The Scottish Government’s investment in these projects forms part of a wider programme to transform Scotland’s infrastructure. They recognise that having a modern, efficient infrastructure is vital to attracting investment.
Among the headlines in the report focusing on Scotland:
- Scotland’s construction sector emerged faster from recession than most of the UK. However, its path since 2015 has been less vibrant with signs of output falling.
- The contribution of infrastructure to the construction sector over the past three years has been higher in Scotland, at 20%, than the GB average of 12%.
- Although trends indicate infrastructure work looks set for a drop, new housing, particularly in the public sector, is expected to grow.
- Employment is set to expand slightly between 2019-2023. The region is forecast to have an annual recruitment rate of 2,790 new workers each year (approximately 12 new recruits for every 1,000 currently in the workforce).
Kevin Stewart has claimed that Scottish Government investment has already helped Scotland to become the UK’s most attractive location for foreign direct investment outside of London.
To support the delivery of their National Infrastructure Mission, the Scottish Government has established an Infrastructure Commission and will publish its next Infrastructure Investment Plan by June 2020 (which will cover the next parliamentary term).
As part of this, there are plans to continue to support the mixed-use development of Edinburgh’s St James Quarter and provide further investment for the £1bn Dundee Waterfront Development.
In addition, through the Building Scotland Fund, there will be £150m to support the development of housing across all tenures, modern industrial and commercial property, and business-led R&D projects.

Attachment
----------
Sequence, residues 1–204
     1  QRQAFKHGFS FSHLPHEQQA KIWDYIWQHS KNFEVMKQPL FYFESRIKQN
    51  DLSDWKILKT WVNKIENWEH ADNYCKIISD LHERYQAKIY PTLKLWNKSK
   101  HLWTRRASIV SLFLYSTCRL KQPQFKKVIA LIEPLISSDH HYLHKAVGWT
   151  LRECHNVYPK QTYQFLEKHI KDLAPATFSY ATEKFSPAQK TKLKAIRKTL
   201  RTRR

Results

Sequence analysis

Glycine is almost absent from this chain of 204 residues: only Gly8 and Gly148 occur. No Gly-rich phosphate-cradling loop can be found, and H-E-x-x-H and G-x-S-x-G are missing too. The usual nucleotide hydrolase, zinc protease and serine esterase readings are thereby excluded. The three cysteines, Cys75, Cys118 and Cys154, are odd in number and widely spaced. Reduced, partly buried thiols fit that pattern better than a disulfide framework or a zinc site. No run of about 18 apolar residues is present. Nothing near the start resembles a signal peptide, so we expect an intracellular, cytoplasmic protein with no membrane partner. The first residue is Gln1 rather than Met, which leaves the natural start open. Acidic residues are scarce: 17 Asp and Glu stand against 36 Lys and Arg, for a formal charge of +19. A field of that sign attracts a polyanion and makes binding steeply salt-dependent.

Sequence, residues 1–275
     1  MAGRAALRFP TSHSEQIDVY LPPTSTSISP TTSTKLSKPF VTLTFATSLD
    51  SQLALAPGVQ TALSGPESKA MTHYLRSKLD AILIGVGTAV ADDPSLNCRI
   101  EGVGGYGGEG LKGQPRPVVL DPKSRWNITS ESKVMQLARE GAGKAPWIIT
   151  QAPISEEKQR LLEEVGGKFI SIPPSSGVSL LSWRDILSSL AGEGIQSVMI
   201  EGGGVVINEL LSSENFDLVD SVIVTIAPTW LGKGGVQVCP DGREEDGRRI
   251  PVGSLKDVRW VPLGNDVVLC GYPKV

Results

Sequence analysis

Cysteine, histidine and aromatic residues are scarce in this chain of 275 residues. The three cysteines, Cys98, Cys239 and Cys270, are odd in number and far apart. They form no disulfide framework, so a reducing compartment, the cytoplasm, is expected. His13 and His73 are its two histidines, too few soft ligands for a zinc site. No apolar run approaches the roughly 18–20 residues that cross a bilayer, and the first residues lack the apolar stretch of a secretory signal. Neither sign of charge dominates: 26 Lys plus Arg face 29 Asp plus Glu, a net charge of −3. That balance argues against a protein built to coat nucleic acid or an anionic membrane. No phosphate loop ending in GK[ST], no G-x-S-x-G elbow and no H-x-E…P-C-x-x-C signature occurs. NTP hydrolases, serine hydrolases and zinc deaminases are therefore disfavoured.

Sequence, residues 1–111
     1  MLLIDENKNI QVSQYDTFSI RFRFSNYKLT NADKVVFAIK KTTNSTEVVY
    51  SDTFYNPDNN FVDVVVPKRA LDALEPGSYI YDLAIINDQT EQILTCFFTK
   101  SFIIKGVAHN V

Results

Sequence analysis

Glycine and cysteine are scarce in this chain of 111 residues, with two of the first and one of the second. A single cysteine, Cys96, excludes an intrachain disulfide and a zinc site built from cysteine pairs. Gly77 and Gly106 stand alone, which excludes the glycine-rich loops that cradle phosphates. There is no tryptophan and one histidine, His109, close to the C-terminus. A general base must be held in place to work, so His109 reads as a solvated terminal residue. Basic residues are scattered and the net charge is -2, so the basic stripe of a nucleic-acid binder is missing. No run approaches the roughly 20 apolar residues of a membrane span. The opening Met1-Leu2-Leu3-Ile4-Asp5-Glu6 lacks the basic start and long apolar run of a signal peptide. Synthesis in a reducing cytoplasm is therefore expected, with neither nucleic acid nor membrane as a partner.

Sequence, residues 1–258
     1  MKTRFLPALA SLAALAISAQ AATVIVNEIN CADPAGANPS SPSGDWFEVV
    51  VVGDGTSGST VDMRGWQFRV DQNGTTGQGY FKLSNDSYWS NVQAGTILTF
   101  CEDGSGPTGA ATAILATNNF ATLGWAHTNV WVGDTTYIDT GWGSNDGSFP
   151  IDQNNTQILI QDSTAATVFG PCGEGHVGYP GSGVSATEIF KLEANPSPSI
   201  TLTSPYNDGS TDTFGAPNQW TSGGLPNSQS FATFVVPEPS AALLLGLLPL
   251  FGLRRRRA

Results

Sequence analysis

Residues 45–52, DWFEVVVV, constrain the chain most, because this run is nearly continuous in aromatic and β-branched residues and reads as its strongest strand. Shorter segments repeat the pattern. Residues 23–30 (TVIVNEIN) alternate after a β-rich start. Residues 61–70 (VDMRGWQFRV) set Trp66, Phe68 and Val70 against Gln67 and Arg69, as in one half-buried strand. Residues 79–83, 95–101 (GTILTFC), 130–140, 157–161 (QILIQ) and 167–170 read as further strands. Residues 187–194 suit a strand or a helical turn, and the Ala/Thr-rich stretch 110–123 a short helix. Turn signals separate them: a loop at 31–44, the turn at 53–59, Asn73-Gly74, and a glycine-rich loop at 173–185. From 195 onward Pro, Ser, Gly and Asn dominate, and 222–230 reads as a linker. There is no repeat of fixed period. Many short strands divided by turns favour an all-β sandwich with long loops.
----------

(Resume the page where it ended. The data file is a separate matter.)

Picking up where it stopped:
It’s vital that we work with the construction industry in a way that helps it thrives, delivers value for money, better quality and more sustainable projects for the people of Scotland – and for the other UK regions, particularly when we have the full suite of reports, detailing the activity and opportunities available at a local and regional level.
For example, one specific CIOB recommendation from looking at the data for Scotland is that there are huge benefits in examining how to moderate volatility in the Scottish construction industry; trying to take steps to smooth out the work so that the sector is not so reliant on infrastructure projects. As one practical output of this approach, during upturns and downturns, there should be less volatility in the workforce, with fewer workers leaving the industry.
Understanding how the built environment is performing nationally and regionally is hugely important for tackling some of the key issues the industry faces.
One particular area we are making strides in is improving quality in the built environment. While our profession is often hugely successful, there are also still far too many instances where things go wrong, the situation with the closure of several Edinburgh schools in 2016 is a case in point. We are responding to the challenges, not just at a central government level, but also the Scottish Government’s Building Standards Futures Board is seeking to improve the performance, expertise, resilience and sustainability of the Scottish building standards framework and services across Scotland.
It’s clear that we all want the construction sector to be more sustainable, productive and innovative and we want to help all companies involved to enhance the sector’s contribution to the economy.
The construction sector faces many challenges, but we will continue to support the sector to seize the opportunities ahead in each region and do all we can to position our industry as being at the forefront of innovative practices and transformational change.